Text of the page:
The Limitless Potential of Thin Film Freezing

The Limitless Potential of Thin Film Freezing

March 12, 2022PAO-01-22-CL-04

There is a significant need for new technologies that enhance the solubility and hence the bioavailability of poorly soluble small molecule drugs. At the same time, parenteral drugs, including vaccines and biologics, pose logistical challenges stemming from the need for storage and handling at low (and often ultra-low) temperatures. To address both of these challenges, TFF Pharmaceuticals has developed a process called Thin Film Freezing (TFF), which produces drugs that are highly soluble and stable in a powder form, for a variety of applications, including delivery to the lung. TFF Pharmaceuticals CEO Glenn Mattes discussed the company and its technology with Pharma’s Almanac Editor in Chief David Alvaro, Ph.D.

David Alvaro (DA): Glenn, can you begin by discussing the increasing solubility challenges of small and large molecule drugs, particularly those targeting the lung, and the opportunity you saw for a new technology to overcome them?

Glenn Mattes (GM): Thin Film Freezing (TFF) addresses a multitude of needs. When I talk about the technology, I often describe it as being ubiquitous, in that it can really help formulate all types of drugs, be they large or small molecule. Most drugs are fairly insoluble in water, an issue that is only growing in significance. As a result, they have to be dosed at a fairly significant level to achieve a therapeutic outcome, and thus there is usually a bit of a compromise around the risk–benefit ratio of efficacy versus safety.

That’s the basic premise. Additionally, some products can’t be formulated at all; if you can convert those chemical compounds into a dry powder, it provides an opportunity to give these drugs directly to the lung, for example. At TFF Pharmaceuticals, we can also develop formulations that can be administered through the nose. We’re even working with the U.S. Department of Defense to formulate different countermeasures for warriors that can be given topically or through the eye.

DA: Can you explain how Thin Film Freezing works and the real advantages that it confers over alternative technologies?

GM: The magic of TFF is that we flash-freeze the chemical compound that we’re working on. Through that flash freezing, we are able to get the compound into the solution. Flash-freezing is able to capture the molecule in a highly active state, so whatever we’re producing is a highly concentrated product. The process allows us to then lyophilize the drug, which gets it into a powder that can be administered to the patient as a powder through the lung, or it can be reconstituted — as in the case of a vaccine — by liquifying it and administering it via injection. But what is critical is that the flash-freezing, without any impact of the environment, be it heat, water, or stress, gives you a very, very pure compound that opens up all sorts of opportunities for reformulation or basic formulation of large and small molecules.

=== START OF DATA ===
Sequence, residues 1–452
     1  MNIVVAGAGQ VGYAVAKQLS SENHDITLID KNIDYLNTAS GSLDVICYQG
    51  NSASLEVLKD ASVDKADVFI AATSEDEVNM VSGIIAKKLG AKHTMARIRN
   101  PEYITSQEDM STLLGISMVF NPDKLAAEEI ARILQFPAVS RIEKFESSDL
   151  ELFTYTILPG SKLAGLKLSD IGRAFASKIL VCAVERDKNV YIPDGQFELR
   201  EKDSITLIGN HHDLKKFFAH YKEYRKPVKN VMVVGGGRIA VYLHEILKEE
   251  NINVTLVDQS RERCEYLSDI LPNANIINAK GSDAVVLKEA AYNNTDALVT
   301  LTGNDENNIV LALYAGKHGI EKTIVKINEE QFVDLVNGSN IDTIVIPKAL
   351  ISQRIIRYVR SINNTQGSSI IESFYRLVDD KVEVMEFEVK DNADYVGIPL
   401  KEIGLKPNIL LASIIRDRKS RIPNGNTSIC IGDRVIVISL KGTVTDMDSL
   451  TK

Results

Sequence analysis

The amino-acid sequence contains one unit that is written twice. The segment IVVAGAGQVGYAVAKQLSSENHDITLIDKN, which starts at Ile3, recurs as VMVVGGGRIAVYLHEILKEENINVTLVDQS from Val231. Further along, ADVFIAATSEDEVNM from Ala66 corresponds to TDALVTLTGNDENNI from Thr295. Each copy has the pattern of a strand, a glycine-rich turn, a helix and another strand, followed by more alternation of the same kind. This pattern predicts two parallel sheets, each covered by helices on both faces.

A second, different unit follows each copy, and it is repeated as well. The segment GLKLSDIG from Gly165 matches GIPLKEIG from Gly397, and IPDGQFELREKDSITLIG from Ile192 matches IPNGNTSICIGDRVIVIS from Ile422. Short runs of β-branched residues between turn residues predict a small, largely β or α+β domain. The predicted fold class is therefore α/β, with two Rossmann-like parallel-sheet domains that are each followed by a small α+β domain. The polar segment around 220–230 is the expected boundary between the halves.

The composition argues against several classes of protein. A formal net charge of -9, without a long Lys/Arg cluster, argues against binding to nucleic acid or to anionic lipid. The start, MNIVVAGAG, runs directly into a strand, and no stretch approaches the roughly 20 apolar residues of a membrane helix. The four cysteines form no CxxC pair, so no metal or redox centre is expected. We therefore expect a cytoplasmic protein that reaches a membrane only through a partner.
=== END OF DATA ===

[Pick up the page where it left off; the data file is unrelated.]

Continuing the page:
DA: Can you tell me about TFF Pharmaceuticals’ business strategy and how you’re pursuing and developing TFF for internal drug development, as well as external partnerships?

GM: We have a hybrid business model in that we are developing products internally, some of which are basic reformulations utilizing the 505(b)(2) regulatory pathway. Our first lead compound is a TFF version of voriconazole, which is an antifungal. We’re developing that as an inhaled version for the treatment of invasive pulmonary aspergillosis (IPA).

The second compound we’re developing is a TFF version of tacrolimus, which is an immunosuppressive drug that’s given to prevent the rejection of organs after transplant. We’re developing it specifically as a treatment to prevent rejection after lung transplants.

For both of those programs, we’re aiming for them to be at least as effective as the existing compound, but we believe that they will actually be more effective when delivered to the lung and will offer much better adverse event profiles. We’re also doing reformulation work with partners. One is on a product called niclosamide that we’re formulating as both an oral and an inhaled version for COVID-19. The last internal program we’re doing is a series of monoclonal antibodies in partnership with Augmenta Bioworks, the first of which is also a COVID-19 therapeutic.